I know the µControllers operate at 3.3 but tolerate 5V. I am currently running slave devices on the SPI bus at 5V. If I lower the voltage to 3.3 volts can I theoretically increase the speed of SPI communications? Am I limiting my solution by running at 5V and not 3.3V?
@ andre.m - eh?
Speed isn’t related to voltage, it’s related to how fast the USART peripheral on the micro can run.
They go very very slow when you supply no power
The spec sheet for the parts you’re using will be more informative here - they may have a performance versus voltage table, but I doubt it. If they support running from 3v3 or 5v, and there was nothing else special (long cable runs for example ) I’d go with whatever had the most capable supply.
@ Brett - Yes, there are long cable runs. 16 foot cable. You know my project well.
So what is the voltage drop over those runs , are you really supplying them 5v over long runs ? Are the signals actually 5v when they get to the controller ?
@ Brett - The voltage is high enough.
ok, so you’re being obtuse deliberately I expect.
Are you really attempting to run SPI over 16 feet ? Good luck with that.
SPI, like I2C and direct UART, is a passive bus, intended for short runs (PCB traces and short cables). If you want to get reliability over long runs, then you can get some improvement with well managed cables (shielding, ferrites) or you can move to a different transport layer such as CAN, RS232, RS422, RS485 etc.
@ Brett - Hum… no dude, I’m running SPI over 12 feet (I managed to shorten it). The last device on the chain is 10 feet away but it gets it’s input from a device 2.2 feet feet away, but the signal back to the master is 12 feet away. Test show that it does work. NETMF for the win.
I thought you were one of those who knew my solution.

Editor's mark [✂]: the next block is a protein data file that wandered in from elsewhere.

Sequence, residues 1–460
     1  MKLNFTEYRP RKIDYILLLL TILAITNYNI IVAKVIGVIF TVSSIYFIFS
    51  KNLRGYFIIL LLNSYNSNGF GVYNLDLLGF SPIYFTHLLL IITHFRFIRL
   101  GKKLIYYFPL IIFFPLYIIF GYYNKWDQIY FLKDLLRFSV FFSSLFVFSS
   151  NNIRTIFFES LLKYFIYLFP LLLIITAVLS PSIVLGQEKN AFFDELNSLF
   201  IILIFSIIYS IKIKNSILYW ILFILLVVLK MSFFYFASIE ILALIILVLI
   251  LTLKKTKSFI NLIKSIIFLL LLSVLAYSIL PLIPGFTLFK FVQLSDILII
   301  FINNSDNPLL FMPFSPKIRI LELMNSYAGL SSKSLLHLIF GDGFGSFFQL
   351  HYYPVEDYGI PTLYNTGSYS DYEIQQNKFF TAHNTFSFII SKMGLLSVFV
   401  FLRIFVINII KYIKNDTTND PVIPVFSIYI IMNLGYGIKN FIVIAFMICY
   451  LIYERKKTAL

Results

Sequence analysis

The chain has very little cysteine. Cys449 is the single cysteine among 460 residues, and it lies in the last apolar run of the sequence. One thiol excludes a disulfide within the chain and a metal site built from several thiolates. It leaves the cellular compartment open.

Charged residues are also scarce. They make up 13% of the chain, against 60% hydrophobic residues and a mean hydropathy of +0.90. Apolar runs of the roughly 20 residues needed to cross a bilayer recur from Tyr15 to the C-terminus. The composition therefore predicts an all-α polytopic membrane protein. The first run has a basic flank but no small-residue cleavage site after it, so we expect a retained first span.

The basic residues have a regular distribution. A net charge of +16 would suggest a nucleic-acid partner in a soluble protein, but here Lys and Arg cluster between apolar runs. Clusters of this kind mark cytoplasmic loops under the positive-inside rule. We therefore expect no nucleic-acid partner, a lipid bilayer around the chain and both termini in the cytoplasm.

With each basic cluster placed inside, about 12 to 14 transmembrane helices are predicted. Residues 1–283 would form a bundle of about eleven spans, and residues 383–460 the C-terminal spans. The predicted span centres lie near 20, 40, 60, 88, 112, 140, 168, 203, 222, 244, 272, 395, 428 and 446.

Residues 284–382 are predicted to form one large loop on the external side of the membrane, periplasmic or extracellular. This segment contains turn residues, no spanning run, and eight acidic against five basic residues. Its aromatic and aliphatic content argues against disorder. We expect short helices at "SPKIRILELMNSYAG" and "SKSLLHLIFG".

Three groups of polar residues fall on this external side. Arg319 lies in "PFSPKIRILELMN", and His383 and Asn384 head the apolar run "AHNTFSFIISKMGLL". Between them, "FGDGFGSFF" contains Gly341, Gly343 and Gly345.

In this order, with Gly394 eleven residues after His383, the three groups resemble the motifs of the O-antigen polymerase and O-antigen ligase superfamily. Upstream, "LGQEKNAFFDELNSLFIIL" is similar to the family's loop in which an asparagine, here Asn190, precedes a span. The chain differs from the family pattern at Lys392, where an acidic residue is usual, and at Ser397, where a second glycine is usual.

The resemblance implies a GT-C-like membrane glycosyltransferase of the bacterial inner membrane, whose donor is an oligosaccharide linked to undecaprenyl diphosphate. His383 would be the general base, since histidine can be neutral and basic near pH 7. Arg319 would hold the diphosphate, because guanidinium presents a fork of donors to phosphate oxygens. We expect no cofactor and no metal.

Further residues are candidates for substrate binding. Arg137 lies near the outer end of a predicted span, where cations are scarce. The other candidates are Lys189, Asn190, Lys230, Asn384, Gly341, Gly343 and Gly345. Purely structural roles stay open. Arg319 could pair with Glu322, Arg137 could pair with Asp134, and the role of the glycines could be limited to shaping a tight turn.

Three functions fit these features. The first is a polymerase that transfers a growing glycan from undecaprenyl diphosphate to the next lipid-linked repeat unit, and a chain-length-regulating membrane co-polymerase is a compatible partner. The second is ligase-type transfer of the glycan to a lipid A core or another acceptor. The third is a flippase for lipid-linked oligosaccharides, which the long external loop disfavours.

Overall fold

SPI FTW then. Just remember, long cables = great antennas
At 5v, more electrons have to be pushed through all the wires than at 3.3v. It stands to reason that for more electrons to be moved through the wire during the same amount of elapsed time, the electrons have to move faster.
Only, this violates Einstein’s laws, so to compensate, the mass of the wires must therefore increase. So for every SPI clock cycle, at 5V, your micro will become slightly heavier than a micro running at 3.3v. This is okay, as long as you don’t leave it running overnight, as then it would be come so massive it would start having gravitational effects on the surrounding circuitry. Left alone for a week, and your house might disappear. Hopefully this would end the problem by cutting power to the device. But if you happened to be powering it with a long term battery… well… heaven helps us all.
Actually there is a logical farcically there. The mass of the wires doesn’t need to increase. As the electrons speed up they generate heat, until the system reaches equilibrium. So at 5V the wires will just feel a little warmer.
I agree with Brett about the limitation based on the speed of the micro and not the voltage. Having said that, I have seen in the past on Arduino’s that if you run at 3V3 instead of 5V, then the micro can only be run at lower speed. So in that case 5V supply will allow faster speeds.